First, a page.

Two senior nursing students are eager to graduate and start their careers. Grant Schluntz will be working at Barnes-Jewish Hospital in St. Louis as a registered nurse on an acute medicine/general medical floor. Sarah Wortman will be working at Memorial Medical Center in Springfield as a registered nurse in the medical/surgical unit.

Sarah and Grant took some time to reflect on all that the Mennonite College of Nursing (MCN) at Illinois State University has done to prepare them for career success.

Why did you choose Illinois State?

Sarah: I was also going to go elsewhere but I visited the Illinois State campus and liked it a lot, so I compared the nursing statistics. Illinois State’s passing rate on the National Council Licensure Examination (NCLEX) was higher than the other schools I was looking at.

Grant: I was initially planning on attending Saint Louis University. My sister went to Illinois State for nursing as well, so she convinced me to visit and meet the MCN faculty. I shadowed her classes and fell in love with the professors.

How did you choose nursing as a major?

Sarah: I took a class in high school that exposed me to health care and helped me realize that I enjoyed it. I later shadowed a nurse practitioner, which solidified that this was what I wanted to do.

Grant: I wanted to be a nurse because of my grandma. She was an OB-GYN nurse and she’d always tell me stories about helping patients. It motivated me to want to help people and nurses help people in their most vulnerable moments.

Tell us about your overall experience with MCN.

Sarah: MCN prepares students very well academically, which is shown by our high NCLEX pass rates. I’ve been challenged and given a lot of opportunities outside of typical clinicals. They’ve had us attend conferences and transcultural nursing trips.

Faculty are really personable, and they try to get to know their students. Professors will buy their clinical groups meals every so often or even invite us over to their house.

Grant: MCN does a really great job of preparing us for the real world. As a nurse, institutions will have high expectations for us to perform our duties as well as we can. Nursing school has been difficult, but I’m glad it was because you want someone who knows what they’re doing when they’re caring for your loved ones.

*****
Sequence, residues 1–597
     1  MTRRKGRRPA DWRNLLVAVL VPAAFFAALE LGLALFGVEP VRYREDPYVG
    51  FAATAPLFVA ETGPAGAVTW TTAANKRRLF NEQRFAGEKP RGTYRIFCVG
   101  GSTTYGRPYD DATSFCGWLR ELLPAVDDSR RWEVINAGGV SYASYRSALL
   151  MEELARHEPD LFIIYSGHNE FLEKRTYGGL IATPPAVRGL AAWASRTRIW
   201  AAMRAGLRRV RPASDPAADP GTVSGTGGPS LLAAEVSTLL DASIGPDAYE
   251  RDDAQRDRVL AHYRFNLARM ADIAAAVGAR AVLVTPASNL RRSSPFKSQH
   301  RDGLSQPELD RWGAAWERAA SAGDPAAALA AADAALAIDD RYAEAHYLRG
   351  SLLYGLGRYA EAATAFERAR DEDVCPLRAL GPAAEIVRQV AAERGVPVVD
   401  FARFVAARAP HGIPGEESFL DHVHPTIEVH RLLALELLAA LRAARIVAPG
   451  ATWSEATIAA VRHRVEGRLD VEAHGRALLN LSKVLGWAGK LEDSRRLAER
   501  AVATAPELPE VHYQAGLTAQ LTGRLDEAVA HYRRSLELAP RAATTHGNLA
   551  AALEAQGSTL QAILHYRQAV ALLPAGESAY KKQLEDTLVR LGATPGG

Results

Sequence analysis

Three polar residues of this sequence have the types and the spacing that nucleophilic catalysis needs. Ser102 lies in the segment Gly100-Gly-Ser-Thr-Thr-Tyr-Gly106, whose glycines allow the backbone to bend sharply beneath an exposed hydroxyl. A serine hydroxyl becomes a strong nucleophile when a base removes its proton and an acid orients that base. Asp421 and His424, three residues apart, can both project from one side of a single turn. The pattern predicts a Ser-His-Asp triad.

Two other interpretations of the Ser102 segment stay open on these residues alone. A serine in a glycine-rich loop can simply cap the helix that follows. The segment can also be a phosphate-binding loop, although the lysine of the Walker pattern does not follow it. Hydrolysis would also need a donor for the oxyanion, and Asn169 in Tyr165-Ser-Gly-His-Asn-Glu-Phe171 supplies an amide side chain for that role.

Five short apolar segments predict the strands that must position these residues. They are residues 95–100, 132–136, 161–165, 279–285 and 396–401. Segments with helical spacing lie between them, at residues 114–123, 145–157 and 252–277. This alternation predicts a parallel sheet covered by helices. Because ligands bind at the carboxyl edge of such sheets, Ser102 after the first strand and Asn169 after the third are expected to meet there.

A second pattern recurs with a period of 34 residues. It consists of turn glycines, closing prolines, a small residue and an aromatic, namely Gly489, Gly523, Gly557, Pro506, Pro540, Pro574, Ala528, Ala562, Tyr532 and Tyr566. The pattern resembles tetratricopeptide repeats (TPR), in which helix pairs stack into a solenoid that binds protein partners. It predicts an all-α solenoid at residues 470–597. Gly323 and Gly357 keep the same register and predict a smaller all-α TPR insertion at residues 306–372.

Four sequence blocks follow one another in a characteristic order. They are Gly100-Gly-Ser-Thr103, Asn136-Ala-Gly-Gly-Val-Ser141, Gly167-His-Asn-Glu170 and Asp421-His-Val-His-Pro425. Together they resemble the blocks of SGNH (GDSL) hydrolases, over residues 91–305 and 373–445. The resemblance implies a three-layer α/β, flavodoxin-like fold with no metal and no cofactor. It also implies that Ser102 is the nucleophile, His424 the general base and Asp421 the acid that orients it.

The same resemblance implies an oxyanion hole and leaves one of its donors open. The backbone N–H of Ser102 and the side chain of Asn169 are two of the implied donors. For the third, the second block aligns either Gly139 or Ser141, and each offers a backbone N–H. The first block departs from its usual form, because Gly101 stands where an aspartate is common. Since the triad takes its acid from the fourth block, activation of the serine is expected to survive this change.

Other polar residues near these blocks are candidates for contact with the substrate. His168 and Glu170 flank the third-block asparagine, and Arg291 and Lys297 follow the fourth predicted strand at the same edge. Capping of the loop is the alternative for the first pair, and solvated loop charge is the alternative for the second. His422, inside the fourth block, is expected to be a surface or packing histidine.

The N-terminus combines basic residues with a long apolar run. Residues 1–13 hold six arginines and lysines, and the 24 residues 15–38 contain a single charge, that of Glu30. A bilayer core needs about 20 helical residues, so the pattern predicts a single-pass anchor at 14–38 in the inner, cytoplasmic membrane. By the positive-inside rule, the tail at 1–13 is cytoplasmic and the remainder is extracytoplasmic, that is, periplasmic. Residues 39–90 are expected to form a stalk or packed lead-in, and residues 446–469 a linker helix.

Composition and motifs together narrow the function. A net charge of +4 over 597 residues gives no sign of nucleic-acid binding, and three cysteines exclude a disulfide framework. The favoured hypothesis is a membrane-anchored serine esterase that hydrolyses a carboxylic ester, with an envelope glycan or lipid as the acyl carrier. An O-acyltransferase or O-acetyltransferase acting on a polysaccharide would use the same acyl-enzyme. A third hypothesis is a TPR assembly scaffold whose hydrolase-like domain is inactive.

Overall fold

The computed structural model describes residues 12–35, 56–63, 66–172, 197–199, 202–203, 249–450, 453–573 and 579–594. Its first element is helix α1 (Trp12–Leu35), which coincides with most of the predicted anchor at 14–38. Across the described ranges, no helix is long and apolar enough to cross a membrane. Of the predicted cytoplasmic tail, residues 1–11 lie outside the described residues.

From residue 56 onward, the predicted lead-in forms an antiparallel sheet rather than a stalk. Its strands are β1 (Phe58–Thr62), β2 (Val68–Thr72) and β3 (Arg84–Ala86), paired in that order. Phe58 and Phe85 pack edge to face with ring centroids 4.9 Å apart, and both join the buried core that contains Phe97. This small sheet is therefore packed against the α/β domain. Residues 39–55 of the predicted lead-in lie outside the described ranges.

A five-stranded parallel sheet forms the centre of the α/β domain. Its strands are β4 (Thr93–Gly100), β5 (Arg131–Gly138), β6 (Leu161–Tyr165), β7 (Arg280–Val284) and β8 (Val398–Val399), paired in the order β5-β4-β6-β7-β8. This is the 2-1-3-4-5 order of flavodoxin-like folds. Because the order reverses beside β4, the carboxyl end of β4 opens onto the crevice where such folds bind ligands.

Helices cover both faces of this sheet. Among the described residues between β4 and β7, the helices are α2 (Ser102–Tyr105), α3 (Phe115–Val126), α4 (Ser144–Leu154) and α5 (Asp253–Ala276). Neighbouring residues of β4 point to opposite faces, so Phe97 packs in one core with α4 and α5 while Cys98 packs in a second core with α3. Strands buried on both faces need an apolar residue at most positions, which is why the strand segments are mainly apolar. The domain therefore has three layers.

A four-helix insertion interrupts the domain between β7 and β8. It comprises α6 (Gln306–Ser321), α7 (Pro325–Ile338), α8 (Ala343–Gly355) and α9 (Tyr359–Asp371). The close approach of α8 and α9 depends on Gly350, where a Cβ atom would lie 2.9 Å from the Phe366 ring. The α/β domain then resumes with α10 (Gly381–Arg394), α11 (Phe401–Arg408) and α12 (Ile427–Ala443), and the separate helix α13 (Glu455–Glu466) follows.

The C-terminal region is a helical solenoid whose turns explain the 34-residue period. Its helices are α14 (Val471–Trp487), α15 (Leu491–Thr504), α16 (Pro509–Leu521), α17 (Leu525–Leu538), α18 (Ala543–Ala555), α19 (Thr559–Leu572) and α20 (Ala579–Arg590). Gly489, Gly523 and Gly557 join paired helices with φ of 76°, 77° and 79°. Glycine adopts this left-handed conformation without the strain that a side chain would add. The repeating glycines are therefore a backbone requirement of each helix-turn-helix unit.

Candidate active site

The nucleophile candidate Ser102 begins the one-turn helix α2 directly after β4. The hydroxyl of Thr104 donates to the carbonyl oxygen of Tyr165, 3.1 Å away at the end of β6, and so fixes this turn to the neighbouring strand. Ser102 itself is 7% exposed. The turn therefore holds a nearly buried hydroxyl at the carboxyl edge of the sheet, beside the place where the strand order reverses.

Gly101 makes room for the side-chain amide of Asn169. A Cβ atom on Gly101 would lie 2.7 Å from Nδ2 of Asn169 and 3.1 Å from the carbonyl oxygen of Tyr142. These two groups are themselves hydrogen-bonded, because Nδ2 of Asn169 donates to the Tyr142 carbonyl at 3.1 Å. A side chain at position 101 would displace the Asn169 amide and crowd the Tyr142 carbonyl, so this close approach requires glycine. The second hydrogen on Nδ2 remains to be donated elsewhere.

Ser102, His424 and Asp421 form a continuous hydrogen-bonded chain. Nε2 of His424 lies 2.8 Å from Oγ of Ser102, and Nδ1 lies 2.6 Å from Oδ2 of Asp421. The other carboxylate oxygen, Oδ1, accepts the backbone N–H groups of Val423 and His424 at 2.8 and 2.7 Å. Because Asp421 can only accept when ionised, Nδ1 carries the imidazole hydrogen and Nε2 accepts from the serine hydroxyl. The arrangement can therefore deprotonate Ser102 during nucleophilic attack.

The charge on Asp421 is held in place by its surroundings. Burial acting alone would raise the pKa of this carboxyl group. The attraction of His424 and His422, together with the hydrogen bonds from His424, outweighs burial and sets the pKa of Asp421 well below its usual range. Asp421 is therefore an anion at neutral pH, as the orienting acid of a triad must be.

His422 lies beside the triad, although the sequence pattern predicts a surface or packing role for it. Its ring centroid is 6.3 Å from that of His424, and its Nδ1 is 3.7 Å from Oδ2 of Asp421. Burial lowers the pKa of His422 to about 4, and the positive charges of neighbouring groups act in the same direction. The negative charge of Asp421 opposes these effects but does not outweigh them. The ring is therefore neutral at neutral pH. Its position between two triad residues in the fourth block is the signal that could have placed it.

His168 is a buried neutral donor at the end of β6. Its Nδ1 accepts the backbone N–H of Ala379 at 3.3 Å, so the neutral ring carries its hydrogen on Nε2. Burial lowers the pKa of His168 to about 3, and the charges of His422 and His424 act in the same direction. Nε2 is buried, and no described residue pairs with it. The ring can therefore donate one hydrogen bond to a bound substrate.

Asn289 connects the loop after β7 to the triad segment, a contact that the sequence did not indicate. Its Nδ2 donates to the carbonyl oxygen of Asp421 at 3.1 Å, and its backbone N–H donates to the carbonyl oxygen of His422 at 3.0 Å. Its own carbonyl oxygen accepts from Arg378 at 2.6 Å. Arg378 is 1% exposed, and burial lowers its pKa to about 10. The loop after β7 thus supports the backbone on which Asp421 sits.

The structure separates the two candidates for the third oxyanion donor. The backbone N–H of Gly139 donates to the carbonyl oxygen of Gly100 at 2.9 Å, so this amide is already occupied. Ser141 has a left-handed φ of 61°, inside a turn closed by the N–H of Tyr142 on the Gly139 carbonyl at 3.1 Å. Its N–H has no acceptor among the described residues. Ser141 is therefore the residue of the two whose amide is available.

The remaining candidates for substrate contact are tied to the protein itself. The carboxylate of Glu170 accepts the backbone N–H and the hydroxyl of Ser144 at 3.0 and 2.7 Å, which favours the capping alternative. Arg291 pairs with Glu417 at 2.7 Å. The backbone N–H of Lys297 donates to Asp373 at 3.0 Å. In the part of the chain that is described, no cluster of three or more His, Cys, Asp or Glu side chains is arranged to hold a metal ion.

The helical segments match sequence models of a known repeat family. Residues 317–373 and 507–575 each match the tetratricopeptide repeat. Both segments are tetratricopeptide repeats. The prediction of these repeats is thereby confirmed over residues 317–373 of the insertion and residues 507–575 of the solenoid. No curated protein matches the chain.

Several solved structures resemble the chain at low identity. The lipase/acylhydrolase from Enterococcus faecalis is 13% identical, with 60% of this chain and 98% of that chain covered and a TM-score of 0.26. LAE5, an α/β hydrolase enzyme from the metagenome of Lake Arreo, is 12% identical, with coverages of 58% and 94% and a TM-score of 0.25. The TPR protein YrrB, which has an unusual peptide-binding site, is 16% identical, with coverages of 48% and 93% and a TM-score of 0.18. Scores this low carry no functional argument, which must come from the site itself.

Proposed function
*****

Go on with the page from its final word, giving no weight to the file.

What kind of work have you done for MCN?

Sarah: In addition to clinicals, I was heavily involved in Student Nurses’ Association (SNA) events. I also went on the transcultural nursing experience in Russia. I’m helping make a promotional video for the trip.

Grant: We have at least one clinical every semester, most of the time two. That’s how we get our hands-on experience. At the University, I worked on programming for the PROUD program; I was the student representative for the college council committee and college electoral committee. I am on the prelicensure curriculum committee this year. We discuss the MCN curriculum and what needs to be changed in the classroom. I volunteered for SNA. I’m a peer support mentor through the college, so I mentor juniors who are just starting the nursing program. I also represented the college as a student presenter at the Culturally Responsive Campus Community Committee. I presented with two professors on the importance of equal care for the LGBTQ community. We represented MCN regarding health care for all communities.

Who is your favorite instructor and why?

Sarah: Lynn Kennell and Brenda Johnson. Brenda teaches geriatrics, and Lynn teaches pediatrics. Both are so passionate about what they’re teaching. They inspire their students to consider that field of nursing even if they’ve never thought about going into it for themselves. They both care about their students’ success and overall well-being.

Grant: Lynn Kennell and Valentina Fillman. Lynn is so passionate. She teaches maternal infant and pediatrics and she instills her passion in us while she’s teaching. She’s so personable and wants to get to know all of us. Valentina teaches critical care nursing, and I eventually want to work in an intensive care unit. She inspired me because she’s knowledgeable and has good experience.

Advice for future MCN students?

Sarah: You need to get a planner and write everything down. Meet friends in the program to support you and help you if you don’t understand something. You need good time management skills. Try not to procrastinate.

Grant: The most important thing is to always remember your end goal because there were a lot of times I was frustrated or stressed. I’d always tell myself that I’d soon get to do what I love every day and that this is what I needed to be doing. There are also a lot of great people to support you.